by Rob Boylan
The idea of lost treasure is nothing new. It's one of the enduring stories in film, from the silent adventures to the modern ones, like Indiana Jones and National Treasure.
With film, especially pre-talkies, almost everything is a lost treasure. Because films had little value after their initial run and because the nitrate film stock they were stored on was such a safety concern because of their flamability (think: the end of Inglorious Bastards), much of the work of the early masters (and even the pluggers) has been lost, either burned outright or, like in the case of Melies, melted down for shoe heels and other plastic items. They're almost all gone forever.
Sometimes, though, they are found -- in shoeboxes and barns, or vaults or dumpsters, but they are found.
The latest to join the "found" list is a television drama that was written by Yasujiro Ozu.
The drama, ????? (which Google tells me translates as "Youth After School") is a strange case: it was an NHK production in 1963, co-scripted by Ozu in the final year of his life. According to people who have seen it, the drama's visual style is all Ozu, which makes sense since the film is also about a family trying to marry off their young (which is what basically every Ozu film is about).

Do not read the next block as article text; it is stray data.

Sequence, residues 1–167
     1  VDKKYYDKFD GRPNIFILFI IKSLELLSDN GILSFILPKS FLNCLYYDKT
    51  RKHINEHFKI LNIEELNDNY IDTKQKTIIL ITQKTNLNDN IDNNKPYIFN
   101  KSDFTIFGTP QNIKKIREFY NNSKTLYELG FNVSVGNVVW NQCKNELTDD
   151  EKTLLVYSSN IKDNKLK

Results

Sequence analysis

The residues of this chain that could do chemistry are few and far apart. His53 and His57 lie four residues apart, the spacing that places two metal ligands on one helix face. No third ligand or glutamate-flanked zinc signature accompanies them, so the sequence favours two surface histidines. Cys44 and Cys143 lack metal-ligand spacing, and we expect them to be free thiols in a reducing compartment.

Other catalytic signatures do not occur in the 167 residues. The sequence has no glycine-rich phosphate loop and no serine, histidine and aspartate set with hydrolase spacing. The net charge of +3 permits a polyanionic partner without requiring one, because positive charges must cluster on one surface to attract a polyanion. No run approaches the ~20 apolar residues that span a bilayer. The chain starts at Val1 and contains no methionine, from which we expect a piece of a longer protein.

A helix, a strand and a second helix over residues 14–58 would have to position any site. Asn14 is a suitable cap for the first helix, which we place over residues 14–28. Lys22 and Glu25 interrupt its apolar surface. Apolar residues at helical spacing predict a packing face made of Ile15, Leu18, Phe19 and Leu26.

It isn't clear if the production was based off of a new script -- making it Ozu's real final work -- or if it was a previously written script that NHK decided to put into production.
The drama has only just been rebroadcast in Japan on NHK's premium channel earlier this week after laying on a shelf somewhere for 60 years, and I can't find anything about it in either David Bordwell or Donald Ritchie's books on Ozu, so it's tough to glean any more information on the subject, let alone think ahead to a worldwide release. Any time you get a discovery of a long lost film though, it's exciting.
Maybe the most famous and exciting case of found footage happened in 2010, when a seriously degraded print of Fritz Lang's Metropolis was found in an Argentine museum. As the curators watched it, they noticed small fragments and whole scenes that they'd never seen before. The film had been cut down for time before it's major release, but somehow this early print ended up escaping the scissors. It had become, like Orson Welles's still lost cut of Magnificent Ambersons, a Holy Grail. It's not every day that you find the Holy Grail, but they did and the world is a better place for that.
In the end, Youth After School will probably end up being a minor Ozu film and not a Holy Grail, but finding anything new from a master is an important discovery. Beyond that, it keeps alive the hope that one day someone will find Ambersons, or Kurosawa's The Idiot or the Korean film Arirang.